Artist’s Journal: NUMBER 72
Material goods, capable of being marketable, sellable, and collected…
In an article in Art and Education, Dan Zimmerman wrote, Art as a commodity embodies intangible concepts and ideas by transforming them into material goods, capable of being marketable, sellable, and collected… The economic system assigns monetary value to instruments that through general consensus, are considered to be of ‘worth.’
The art market, similarly, is a system that revolves around inanimate objects given a degree of legitimacy, often by the monetary price an art object assumes by its transactions within the economic sphere. Through these transactions the object may immediately attach to itself ‘selling points’ of intellect, of reputation, of cultural relevance, and even resistance; qualities that are difficult, if not impossible to define under any system of measurement…
There is a need within art to maintain a degree of accountability within its own market to ensure that the value is not only determined by those collecting the physical artworks.
Quoting from our Manifesto (Luis Villanueva and Ron Fortier), “Art is the artist’s perspiration. It’s the result of the process of solving conceptual or visual problems. The process becomes, in some cases, more important than the final product. Art is work. Work is process.
The perspiration of this work is the product. The product is the art. And, art is a commodity – something that is bought and sold; something or someone that is useful or valued.”
What Luis and I have attempted to then then with this, my last show in town or, the United States for that matter, is drain the South Coast Art Lake. This so called Art Lake contains not just the unsold perspiration of the South Coast’s visual artists, it also contains the flotsam and jetsam of all of the art found in antique and thrift stores.
We had hoped to remind local artists, using this show (October 17th to November, 7, 2015) at the Colo Colo Gallery in the south end of New Bedford, that their art has an intrinsic value, it exists, if for no other purpose as simply an object in and by itself – wholly for its own sake – perspiration!
There are many potential art buyers in the South Coast whose appreciation is larger than their wallets. A few of them may be curious about the possibility of the instrumental value of the art they admire. This type of value is based on who created it, originality (not just of style but how many are available) and when the work was created and made available for sale.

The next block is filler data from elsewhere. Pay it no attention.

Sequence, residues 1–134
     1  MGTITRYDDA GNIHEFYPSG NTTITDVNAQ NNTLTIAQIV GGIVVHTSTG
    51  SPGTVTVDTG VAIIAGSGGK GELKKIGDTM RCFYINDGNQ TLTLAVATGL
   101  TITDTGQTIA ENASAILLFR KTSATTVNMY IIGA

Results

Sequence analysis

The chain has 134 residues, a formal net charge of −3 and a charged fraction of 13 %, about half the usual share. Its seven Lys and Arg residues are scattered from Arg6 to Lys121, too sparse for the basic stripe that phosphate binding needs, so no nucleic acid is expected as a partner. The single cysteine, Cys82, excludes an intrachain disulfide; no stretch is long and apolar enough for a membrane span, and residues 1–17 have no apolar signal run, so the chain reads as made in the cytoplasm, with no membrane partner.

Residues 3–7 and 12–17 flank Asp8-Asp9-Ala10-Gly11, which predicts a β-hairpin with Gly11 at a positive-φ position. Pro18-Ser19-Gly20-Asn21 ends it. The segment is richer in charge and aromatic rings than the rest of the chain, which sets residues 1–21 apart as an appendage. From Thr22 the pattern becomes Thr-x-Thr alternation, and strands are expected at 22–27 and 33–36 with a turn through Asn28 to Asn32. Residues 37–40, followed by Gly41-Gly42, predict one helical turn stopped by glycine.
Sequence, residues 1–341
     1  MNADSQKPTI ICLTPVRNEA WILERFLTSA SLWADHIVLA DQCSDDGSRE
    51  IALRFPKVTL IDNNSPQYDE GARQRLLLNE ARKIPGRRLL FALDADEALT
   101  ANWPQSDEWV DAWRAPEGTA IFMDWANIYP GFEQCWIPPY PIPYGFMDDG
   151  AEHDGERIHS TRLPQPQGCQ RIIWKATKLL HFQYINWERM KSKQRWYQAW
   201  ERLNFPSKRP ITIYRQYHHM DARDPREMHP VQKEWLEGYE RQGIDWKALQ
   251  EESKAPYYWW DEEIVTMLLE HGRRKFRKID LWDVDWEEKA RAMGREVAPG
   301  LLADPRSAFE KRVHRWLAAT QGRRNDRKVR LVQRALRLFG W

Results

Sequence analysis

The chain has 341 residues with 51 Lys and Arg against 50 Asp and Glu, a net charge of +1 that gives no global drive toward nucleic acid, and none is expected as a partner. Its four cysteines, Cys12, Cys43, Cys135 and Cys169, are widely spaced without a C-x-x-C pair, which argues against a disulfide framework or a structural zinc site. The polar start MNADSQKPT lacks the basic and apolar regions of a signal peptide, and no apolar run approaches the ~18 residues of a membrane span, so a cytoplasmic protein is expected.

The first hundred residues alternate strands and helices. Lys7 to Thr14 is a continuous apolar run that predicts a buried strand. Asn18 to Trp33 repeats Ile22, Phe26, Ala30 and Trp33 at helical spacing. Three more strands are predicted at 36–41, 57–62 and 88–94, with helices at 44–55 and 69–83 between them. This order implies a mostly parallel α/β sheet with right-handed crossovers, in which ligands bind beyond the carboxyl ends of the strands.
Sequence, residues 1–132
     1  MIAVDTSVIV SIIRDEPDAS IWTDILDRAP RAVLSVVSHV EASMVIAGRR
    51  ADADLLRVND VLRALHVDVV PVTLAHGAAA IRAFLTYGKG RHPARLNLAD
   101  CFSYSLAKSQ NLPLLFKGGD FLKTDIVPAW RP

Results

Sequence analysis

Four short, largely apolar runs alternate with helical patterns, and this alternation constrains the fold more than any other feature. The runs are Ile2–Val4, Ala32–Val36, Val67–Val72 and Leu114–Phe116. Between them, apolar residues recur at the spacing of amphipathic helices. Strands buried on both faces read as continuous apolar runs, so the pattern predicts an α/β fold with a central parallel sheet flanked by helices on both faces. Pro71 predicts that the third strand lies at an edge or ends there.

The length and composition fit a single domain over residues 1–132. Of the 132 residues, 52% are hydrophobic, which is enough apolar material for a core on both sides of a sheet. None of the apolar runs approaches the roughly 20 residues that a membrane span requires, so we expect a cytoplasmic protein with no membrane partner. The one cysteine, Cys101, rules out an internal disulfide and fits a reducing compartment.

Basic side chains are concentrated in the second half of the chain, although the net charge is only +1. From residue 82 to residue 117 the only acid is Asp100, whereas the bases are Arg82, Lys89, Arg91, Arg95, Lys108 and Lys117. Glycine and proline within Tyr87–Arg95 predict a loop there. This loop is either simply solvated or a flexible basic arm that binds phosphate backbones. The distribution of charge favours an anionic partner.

Let’s review those points. Number One – who created it. Well, that comes down to whether the artist is known or unknown which translates into how much exposure, such as the number of exhibits listed on the artist’s resume, critical reviews and whether the artist can be labeled as emerging (brand new to the market), established with a record of sales success to prove it or emeritus (as I call it) less productive and leaning on their past success.
Number Two – originality does concern style but perhaps more important – is the piece original? – there are no reproductions and if there are, how many are available. Number Three – is about when the work was created – early in, in the middle of or at the end of the artist’s career. Of course, which century or what part of the century and, when the work/collection was made available for sale.
Where do I fit in this commodity profile? Number One – who created it – I am unknown with an interrupted exposure timeline. Life, specifically the bad luck of bad economies since the 1970s. Therefore the number of exhibits listed on my resume, along with any critical reviews stretched out over forty years endows me with the (still) emerging label.
Number Two – as for my originality, other than the references to Cy Twombly, I would hope my work has some originality. However, Phillip Sherrad in his essay in Studies in Comparative Religion – Art and Originality said, “When we call a work of art original or say that it possesses originality what we generally mean is that either it introduces some new and unfamiliar subject matter, or it involves new and unfamiliar techniques, or it does both. Innovation in one form or another is for us the hallmark of originality; and one of the factors, if not the main factor, that conduces to our calling someone an artist is that his work displays originality in this sense.”
So then, whether or not I am in some way original is not for me to say but rather to aspire to. And finally – Number Three – most of the work in this current show was created recently between 2011 and 2015. The other work in my personal Art Lake was created from 1975 to 1980 and if compared to my most recent work may have more or less value based simply on the buyers expertise or opinion.
What’s the difference in my opinion? My recent work is not titled but rather cataloged. I no longer seek themes. I am not replicating nature, opinions or emotions. The work is as it is for what it is and as Gustave Flaubert (1821 – 1880) said, I have become, merely a recording apparatus for sensory perceptions. …No theories!
I believe that I have no right to express any opinion with my art. As I said in my Artist’s Journal: NUMBER 42, “Yeah, lots of times I’m working and thinking, I know this… this means something… this is important and the result is what it is. And although sometimes I feel like I’m getting closer to whatever this important thing is, damn it, when will I finally know?”
How did our little experiment work? The show closes on Saturday, November 7th and will feature a talk by local arts critic Don Wilkinson who described the work in one of my shows as the, “…scribbling of a lunatic…calligraphy of an alien…and the symbols of a mad meteorologist…” It’ll be your last opportunity to own an, “…original, one of a kind painting suitable for any decor…”
Posted on: 02/11/2015, by : Ron Fortier